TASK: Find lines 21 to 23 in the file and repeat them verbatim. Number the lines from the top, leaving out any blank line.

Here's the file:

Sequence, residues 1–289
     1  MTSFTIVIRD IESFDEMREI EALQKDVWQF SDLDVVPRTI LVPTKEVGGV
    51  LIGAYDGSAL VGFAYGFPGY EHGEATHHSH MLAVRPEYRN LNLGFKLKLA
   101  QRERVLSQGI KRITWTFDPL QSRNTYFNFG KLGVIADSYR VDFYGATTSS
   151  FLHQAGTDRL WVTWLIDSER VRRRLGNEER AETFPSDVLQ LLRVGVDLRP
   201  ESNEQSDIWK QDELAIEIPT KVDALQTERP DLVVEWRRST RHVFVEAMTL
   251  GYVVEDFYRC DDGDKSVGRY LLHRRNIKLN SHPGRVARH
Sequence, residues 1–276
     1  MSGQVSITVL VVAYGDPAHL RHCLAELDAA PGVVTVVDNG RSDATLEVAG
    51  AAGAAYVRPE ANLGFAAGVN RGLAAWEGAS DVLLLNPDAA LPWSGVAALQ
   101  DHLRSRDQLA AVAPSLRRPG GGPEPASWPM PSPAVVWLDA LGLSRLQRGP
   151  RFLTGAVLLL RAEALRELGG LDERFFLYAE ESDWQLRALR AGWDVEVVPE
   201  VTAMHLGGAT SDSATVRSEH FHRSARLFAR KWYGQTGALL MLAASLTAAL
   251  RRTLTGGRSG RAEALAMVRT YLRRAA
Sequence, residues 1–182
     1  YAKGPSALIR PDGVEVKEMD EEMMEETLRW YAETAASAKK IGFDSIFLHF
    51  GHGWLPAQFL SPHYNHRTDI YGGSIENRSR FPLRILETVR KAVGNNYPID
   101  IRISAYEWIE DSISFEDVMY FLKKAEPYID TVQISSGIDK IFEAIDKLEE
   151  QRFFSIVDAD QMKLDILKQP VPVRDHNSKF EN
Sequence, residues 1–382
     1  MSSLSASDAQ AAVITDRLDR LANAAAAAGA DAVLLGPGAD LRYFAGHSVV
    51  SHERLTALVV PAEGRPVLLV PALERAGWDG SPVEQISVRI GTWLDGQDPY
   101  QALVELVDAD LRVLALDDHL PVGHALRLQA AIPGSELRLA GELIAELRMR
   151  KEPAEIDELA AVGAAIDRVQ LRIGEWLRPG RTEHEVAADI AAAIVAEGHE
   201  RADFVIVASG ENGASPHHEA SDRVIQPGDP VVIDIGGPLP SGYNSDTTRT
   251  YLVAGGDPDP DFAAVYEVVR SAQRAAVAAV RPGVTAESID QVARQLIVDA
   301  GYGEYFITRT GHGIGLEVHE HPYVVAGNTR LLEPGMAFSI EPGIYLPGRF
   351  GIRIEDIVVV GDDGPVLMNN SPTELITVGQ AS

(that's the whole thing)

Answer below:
     1  MSSLSASDAQ AAVITDRLDR LANAAAAAGA DAVLLGPGAD LRYFAGHSVV
    51  SHERLTALVV PAEGRPVLLV PALERAGWDG SPVEQISVRI GTWLDGQDPY
   101  QALVELVDAD LRVLALDDHL PVGHALRLQA AIPGSELRLA GELIAELRMR